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“If you chuck away too many things, you end up discovering there was value in them.” This quote from Prince Charles is a warning to our sector. The customer contact industry is prone to vogues just like any other. Several years ago it was fashionable to be obsessed with average handle time (AHT), while these days increasing numbers of managers dismiss AHT as irrelevant, or even harmful. I recently participated in an industry panel in which some felt that it is definitely time to “chuck” AHT.

My feeling is that would be a mistake; there are solid economic and quality reasons to keep AHT as a key performance metric, at both the center and the agent levels.
 

We should recognize how much may be gained from benchmarking and thoughtfully analyzing the components of AHT, which are: Average Talk Time, Average Hold Time, and Average After Call Work Time.

Average Talk Time: Consider the example of a center with very high Average Talk Time compared with it industry sector. Management of the center started to listen to calls more critically. They found that, while a few agents were very efficient about call closure, most were very inefficient. Interestingly, some members of the efficient group also got high scores for caller satisfaction. By focusing on the techniques used by the successful “quick closers”, management was able to create training for the rest of the agents, with the result that the center saved money while also increasing overall caller satisfaction. By shining a spotlight on call closure, they found and brought to light best practices they had not looked for before, benefitting the caller as well as the bottom line. They would not have done this were they not benchmarking their AHT metric.

Average Hold Time: Centers that suffer from high Average Hold Times compared with their peers can benefit from analyses that might point to holes in their knowledge management systems (KMS) or their escalation procedures. Astute managers can propose the implementation of new KMS and compute the monetary value of projected time savings. This computation can be used in an ROI analysis to convince senior management to fund the KMS improvement. Deep dive analysis might also lead to changes in escalation procedures, expert hub deployment, or other solutions that lead to lower hold times.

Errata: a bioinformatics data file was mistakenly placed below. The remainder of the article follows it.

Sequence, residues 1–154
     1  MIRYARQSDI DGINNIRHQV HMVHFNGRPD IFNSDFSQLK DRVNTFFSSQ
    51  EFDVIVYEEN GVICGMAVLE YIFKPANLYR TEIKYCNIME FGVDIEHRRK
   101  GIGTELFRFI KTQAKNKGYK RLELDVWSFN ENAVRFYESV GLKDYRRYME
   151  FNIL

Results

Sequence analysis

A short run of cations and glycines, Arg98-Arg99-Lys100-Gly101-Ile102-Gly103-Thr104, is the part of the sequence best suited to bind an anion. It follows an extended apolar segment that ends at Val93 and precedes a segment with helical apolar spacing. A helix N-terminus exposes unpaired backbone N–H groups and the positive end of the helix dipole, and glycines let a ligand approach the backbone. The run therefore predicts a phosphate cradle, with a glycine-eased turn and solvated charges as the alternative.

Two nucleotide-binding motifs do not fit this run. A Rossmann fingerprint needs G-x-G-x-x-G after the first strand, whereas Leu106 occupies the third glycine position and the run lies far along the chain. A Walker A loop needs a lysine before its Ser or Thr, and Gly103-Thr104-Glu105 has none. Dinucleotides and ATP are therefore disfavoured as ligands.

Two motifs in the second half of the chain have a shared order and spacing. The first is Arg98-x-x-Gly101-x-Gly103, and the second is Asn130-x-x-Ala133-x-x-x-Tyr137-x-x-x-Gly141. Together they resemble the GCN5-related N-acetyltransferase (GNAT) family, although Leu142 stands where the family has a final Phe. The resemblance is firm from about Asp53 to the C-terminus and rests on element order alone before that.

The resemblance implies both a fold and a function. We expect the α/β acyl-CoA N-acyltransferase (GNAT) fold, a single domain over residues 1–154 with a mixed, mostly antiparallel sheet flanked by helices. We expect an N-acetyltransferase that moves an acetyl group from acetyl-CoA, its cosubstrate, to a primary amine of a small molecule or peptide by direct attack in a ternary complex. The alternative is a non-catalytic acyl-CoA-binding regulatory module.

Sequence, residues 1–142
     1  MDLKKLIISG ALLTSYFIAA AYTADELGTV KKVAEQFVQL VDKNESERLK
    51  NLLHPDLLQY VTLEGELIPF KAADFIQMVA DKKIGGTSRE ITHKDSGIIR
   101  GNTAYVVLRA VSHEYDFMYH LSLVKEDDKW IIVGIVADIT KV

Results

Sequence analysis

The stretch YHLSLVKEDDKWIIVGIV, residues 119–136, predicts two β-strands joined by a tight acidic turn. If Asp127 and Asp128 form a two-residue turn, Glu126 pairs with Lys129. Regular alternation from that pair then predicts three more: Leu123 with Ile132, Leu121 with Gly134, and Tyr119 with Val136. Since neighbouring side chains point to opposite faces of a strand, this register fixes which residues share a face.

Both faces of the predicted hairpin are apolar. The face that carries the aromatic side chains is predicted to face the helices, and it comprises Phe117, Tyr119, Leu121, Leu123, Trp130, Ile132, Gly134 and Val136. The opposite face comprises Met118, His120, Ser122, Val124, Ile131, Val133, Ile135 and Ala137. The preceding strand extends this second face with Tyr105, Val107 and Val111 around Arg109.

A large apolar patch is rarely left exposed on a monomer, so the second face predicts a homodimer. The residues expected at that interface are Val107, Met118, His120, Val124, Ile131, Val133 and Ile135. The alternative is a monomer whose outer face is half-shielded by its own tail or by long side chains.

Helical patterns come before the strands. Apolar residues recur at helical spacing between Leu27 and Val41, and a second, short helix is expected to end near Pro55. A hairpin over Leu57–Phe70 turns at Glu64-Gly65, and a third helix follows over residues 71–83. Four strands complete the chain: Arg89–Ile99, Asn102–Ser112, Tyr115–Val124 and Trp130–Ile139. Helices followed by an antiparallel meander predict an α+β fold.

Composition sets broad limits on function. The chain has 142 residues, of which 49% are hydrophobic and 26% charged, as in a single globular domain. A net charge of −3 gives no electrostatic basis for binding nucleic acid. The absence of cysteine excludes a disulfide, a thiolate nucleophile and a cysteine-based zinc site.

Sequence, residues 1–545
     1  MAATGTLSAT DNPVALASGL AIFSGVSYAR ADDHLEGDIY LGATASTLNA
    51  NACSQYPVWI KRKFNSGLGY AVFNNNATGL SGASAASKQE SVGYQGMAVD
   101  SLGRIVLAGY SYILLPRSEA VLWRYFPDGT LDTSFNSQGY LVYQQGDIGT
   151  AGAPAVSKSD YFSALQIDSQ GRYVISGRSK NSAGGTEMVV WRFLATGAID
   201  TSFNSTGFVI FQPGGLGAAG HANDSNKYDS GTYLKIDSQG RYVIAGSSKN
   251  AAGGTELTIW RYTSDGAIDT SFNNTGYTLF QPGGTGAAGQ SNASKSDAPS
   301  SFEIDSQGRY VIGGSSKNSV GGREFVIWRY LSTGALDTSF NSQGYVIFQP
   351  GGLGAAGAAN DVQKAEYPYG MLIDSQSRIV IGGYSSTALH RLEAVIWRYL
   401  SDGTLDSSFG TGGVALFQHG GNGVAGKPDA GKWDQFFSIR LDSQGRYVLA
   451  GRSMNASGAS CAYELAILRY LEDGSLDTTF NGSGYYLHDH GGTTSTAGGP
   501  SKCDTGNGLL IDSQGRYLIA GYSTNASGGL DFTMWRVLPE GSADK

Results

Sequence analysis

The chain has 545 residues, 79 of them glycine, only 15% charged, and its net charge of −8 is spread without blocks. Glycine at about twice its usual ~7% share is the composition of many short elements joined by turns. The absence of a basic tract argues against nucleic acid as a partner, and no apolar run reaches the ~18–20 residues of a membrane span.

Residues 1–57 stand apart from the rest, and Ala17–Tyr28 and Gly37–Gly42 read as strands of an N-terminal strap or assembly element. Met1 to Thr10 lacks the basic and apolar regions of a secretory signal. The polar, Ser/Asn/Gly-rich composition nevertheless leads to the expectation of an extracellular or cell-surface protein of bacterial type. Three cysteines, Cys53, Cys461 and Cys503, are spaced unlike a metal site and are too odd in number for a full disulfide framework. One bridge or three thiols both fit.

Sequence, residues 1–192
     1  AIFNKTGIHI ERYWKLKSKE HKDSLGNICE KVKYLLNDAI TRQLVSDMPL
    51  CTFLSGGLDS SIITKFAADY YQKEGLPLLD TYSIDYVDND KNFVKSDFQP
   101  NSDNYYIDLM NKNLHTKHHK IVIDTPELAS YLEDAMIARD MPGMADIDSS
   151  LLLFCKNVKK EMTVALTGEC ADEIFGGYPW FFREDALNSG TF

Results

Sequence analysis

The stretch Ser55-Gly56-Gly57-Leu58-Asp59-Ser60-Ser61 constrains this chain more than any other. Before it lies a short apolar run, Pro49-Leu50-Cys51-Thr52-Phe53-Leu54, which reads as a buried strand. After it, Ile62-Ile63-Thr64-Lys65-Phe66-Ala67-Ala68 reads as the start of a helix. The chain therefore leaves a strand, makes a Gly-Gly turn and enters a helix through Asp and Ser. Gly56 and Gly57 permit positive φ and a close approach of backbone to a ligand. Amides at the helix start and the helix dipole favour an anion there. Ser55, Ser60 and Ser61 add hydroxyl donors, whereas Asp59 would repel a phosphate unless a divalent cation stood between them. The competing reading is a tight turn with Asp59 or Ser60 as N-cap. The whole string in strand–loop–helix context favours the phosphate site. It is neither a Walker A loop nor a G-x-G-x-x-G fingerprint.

After-Call Work Time: Similarly, centers with After-Call Work Times that benchmark worse than the industry average can gather the inputs needed to show that an improved CRM system would pay for itself in terms of faster call clean-ups. For example, analysis may show that agents are wasting time cutting and pasting duplicate information into multiple applications. This might lead to purchase of middleware that brings a variety of legacy agent desktop applications together, cutting down the time agents need to complete the customer record.

These examples only scratch the surface of improvements that can flow from benchmarking and analyzing AHT as one of your key performance indicators. It is certainly true that blind squeezing of AHT can have negative effects on first call resolution, agent stress and caller satisfaction. However, there is every good reason to benchmark, track and act intelligently when it comes to this venerable metric.

Listen to Prince Charles. Don’t chuck it away. Instead, discover the value in it 

“Contact Center Economics 101” articles are written by Bruce Belfiore (Harvard MBA), Senior Research Executive and CEO of BenchmarkPortal to spotlight practical opportunities for financial improvement of contact center operations. This article was refreshed from one he originally published in 2013.

Topics: Contact Center Articles, Contact Center Economics 101, Average Talk Time, After Call Work Time, Hold Time